Surplus occurs when there is an excess of an asset or resource. Surplus can be used in reference to a lot of things; income, capital, inventory, pizza, lightsabers, etc. Pretty much, if there is more of something than is necessary, it can be considered a surplus.
In economics, though, a surplus isn’t always necessarily a good thing. A surplus is great when reviewing your monthly groceries budget, but it’s bad news when you’re staring at your businesses’ crates of unsold t-shirts.
Revenge of the surplus
When talkin’ economic theory, there are two key types of surpluses: consumer surplus and producer surplus.
A consumer surplus happens when the buyer lucks out and is able to purchase a good or service for less than the maximum price the buyer would pay. You can compare it to haggling at your local garage sale.
I’ll set the scene: You really want that mint condition Luke Skywalker action figure that’s been sitting in your neighbor’s Star Wars-themed basement. You decide you’re willing to pay $30 for it, but first you want to see if he will sell it at a lower price. So, when he accepts your offer of $22 then guess what? You just got yourself a consumer surplus of $8. Now you can use that extra cash you saved to buy his vintage stormtrooper helmet.
That’s awesome for the consumer, but how does the producer (or in this case, the garage salesman) make a surplus profit? All you have to do is flip the script.
Let’s say your neighbor didn’t do so great at selling his old merch at his garage sale (I guess he gave too many schmucks like you discounts on the goods), so he turns to eBay to sell the rest of his goods, like his life-size, remote control R2-D2.
On eBay, your neighbor is able to set the minimum price that he would accept for the robot at $15. But, it turns out that at the end of the bidding period, your neighbor was able to sell it for $30, thus making a hefty surplus profit of $15.
I’m guessing those were, indeed, the surpluses you were looking for.
The surplus strikes back
Now, what if – plot twist – a surplus could be a bad thing? That’s exactly what happens when we find a surplus in supply.
When there is a surplus of a product, that is an indicator that demand for the product is either unusually low or was overestimated by the supplier. This producer surplus is the result of producer supply exceeding consumer demand. This could be an indicator that prices are too high for the consumers (probably not spending $600 on an Apple watch) or that consumers just don’t want to buy that amount of a particular item (how many bananas can one person reasonably eat?).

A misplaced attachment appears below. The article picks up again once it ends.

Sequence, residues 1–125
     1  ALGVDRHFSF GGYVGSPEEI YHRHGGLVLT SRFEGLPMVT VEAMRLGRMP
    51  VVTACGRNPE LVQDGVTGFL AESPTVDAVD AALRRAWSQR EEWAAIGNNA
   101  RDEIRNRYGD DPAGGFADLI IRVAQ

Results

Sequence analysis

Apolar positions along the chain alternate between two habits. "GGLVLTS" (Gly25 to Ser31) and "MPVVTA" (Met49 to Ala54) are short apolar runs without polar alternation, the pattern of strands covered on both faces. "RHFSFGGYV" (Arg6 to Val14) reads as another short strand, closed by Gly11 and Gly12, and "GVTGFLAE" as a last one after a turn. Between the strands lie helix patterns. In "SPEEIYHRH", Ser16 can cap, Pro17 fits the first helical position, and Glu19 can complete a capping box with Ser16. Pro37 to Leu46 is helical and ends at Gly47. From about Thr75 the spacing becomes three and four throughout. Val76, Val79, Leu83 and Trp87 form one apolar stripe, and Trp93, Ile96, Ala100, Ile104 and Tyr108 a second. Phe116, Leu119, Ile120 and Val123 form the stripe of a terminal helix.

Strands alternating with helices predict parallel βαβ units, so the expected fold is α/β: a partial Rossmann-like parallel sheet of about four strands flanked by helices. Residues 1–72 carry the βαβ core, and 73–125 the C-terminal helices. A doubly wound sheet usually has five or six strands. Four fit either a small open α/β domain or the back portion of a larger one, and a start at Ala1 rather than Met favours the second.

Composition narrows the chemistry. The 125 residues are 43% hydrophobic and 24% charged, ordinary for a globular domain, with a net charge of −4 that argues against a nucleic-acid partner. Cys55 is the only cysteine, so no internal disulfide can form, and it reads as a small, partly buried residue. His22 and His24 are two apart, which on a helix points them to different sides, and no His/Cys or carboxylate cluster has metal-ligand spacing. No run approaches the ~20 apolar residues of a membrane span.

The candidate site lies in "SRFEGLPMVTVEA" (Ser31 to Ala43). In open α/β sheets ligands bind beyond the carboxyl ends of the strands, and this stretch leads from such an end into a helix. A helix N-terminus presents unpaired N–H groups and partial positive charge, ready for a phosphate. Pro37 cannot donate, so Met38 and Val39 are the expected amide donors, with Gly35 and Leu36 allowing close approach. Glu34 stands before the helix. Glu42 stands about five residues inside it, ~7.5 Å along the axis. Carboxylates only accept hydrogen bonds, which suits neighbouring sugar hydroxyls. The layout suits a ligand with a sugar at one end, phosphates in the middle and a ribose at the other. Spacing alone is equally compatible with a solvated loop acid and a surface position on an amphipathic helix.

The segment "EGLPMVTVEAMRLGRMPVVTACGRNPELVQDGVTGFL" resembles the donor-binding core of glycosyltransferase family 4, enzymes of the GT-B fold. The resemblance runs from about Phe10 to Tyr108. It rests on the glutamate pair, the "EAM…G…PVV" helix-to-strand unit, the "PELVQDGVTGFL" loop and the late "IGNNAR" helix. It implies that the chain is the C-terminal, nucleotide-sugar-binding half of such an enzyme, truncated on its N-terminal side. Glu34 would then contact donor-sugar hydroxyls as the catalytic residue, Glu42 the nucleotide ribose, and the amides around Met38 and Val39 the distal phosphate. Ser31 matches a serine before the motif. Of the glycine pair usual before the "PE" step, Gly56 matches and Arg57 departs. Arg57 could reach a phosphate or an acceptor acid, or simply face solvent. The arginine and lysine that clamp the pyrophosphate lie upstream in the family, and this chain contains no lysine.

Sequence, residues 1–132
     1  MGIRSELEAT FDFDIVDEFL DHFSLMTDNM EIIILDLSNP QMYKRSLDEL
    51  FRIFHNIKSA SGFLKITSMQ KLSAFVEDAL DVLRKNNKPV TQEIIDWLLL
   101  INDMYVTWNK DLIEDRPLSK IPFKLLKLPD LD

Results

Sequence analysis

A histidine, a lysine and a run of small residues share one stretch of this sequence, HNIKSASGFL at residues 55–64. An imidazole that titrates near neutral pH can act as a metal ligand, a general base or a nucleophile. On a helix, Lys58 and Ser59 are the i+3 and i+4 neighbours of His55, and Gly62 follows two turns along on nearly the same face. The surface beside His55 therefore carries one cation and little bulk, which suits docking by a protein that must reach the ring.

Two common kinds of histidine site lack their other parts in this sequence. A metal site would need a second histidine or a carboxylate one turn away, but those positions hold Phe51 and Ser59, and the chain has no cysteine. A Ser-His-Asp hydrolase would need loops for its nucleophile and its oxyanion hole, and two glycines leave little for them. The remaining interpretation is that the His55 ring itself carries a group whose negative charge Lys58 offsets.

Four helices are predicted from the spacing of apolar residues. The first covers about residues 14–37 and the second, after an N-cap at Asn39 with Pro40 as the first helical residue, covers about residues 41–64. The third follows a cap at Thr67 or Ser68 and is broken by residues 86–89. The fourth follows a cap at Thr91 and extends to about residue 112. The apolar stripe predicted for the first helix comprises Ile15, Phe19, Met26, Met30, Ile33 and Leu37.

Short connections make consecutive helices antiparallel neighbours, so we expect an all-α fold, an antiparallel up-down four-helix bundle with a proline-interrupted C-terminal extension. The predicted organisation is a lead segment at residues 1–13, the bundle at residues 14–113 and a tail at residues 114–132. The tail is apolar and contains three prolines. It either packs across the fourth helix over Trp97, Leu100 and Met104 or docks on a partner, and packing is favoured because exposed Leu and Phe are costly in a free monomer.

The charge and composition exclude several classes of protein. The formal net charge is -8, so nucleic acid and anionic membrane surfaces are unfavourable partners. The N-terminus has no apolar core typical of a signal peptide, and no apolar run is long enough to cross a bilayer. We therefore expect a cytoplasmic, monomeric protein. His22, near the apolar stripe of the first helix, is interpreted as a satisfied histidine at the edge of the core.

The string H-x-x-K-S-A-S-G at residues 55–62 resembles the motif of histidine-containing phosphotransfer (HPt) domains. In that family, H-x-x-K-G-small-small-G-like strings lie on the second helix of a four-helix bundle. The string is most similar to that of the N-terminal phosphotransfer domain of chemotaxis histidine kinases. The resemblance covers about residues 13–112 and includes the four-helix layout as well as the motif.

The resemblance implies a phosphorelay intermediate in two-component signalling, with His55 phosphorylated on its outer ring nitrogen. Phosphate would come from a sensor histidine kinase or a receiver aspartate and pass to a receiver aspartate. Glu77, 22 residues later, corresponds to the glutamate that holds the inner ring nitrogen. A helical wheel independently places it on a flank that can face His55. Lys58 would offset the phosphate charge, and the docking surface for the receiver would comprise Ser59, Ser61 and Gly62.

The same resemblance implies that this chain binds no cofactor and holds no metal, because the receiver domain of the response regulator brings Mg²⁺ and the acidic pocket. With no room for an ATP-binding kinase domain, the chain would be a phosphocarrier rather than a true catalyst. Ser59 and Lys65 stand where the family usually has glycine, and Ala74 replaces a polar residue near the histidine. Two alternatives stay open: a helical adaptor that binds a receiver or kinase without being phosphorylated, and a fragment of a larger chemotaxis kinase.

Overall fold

To make matters even worse, if the product is a perishable good, like produce or grain, then this can be detrimental for the producer. The company could be looking at a huge profit loss because there’s a short timeline of viability for the good to be sold. When this happens, producers can finagle with the price and offer it at a lower cost in order to entice buyers and salvage some profits.
On the other hand, there can also be instances of product shortage due to a surplus. That might not entirely seem like it makes sense, but when the surplus is coming from the consumer (consumer surplus), that means that people are buying more of a product than normal because it’s being sold at a lower price. Who wouldn’t want to buy six lightsabers when they’re buy one, get one half off?
The phantom surplus
We’ve learned that surpluses can either create or reflect a disconnect between consumers and producers in the market. Excess supply of a good can cause disequilibrium between the good’s supply and demand.
The great news, though, is that these market imbalances tend to take care of themselves. While the surplus might trigger the domino effect of price changes and shortages, supply and demand almost always figure things out in the end.
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